The Dynamics of Mega & Giga Projects
The photo above is of the Sondo Business District “Smart City” in South Korea being built at a cost of $40 billion and scheduled for completion this year. Sondo is a symbol of things to come: huge projects of unimaginable size with price tags that boggle the mind.
“Megaprojects,” those costing tens to hundreds of millions of dollars, have recently given way to “Gigaprojects,” costing from billions to tens of billions of dollars. As projects have grown in size, managing them has become more and more of a challenge for private companies charged with seeing them through to completion. Then there are the public sector actors who must approve projects and their various phases after what is expected to be a rigorous due diligence process.
Mega and Giga projects are colossal in scope, often involve a huge piece of infrastructure, such as a tunnel, bridge, airport or railway system, and are highly disruptive to the public at large. Mega and Giga projects are also exciting and captivating because they generally promise to transform the life of the people living in the area. These projects often carry a significant amount of controversy, are costly, and complex. Not to mention the regulatory issues, scads of decision-makers, government, and local agencies and others involved in the process.
Mega and Giga projects can have dozens or hundreds of players in various roles, each of which must be managed separately and as part of the whole. Making things even more difficult is the recent trend toward more energy efficient and sustainable systems, making the process even more obtuse. In fact, a term, “the technological sublime” has given way to “the curse” that seems to come over huge projects as the gears grind to a halt.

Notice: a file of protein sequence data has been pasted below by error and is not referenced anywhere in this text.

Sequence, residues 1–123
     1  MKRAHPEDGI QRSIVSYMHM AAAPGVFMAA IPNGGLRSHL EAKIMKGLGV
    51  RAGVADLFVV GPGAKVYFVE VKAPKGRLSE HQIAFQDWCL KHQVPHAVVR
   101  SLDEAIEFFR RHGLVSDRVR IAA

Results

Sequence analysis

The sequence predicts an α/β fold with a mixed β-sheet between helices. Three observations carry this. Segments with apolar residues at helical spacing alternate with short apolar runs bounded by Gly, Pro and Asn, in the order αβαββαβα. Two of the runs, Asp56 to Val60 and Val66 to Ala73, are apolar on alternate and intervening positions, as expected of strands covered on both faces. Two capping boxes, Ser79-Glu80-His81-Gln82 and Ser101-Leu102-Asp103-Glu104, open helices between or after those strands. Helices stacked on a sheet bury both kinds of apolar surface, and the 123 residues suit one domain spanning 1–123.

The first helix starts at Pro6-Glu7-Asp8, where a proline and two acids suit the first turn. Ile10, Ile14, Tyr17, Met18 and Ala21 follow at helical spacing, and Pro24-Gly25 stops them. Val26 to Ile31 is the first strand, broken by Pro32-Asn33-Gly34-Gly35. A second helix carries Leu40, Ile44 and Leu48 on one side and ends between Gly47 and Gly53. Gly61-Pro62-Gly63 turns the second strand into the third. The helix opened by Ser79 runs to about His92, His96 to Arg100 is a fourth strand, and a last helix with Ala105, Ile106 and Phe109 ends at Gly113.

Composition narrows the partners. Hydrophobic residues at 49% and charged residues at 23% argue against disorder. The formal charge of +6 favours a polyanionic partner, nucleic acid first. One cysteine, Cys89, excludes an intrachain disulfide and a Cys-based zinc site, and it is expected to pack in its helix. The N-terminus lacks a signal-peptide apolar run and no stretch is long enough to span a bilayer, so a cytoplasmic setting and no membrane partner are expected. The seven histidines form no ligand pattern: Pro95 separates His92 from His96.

According to industry experts, the amount and pervasiveness of misinformation between and amongst the actors in the planning of major construction projects and conflicting systematic biases that lead to dead ends, stalemates, conflicts and mistakes is greater than might be imagined. In fact, it is difficult to name one huge project over the past 15 years that hasn’t come in significantly, if not preposterously, over budget. The Big Dig in Boston and the Three Gorges Dam in China are two primary examples. It is hard to believe the mismanagement will ever stop.
For these types of projects, there is no substitute for experience. An oil tanker skippered by someone who has never operated such a large ship is more likely to run aground or ram the base of a bridge. The same can be said for those who have the responsibility of managing and completing huge projects.
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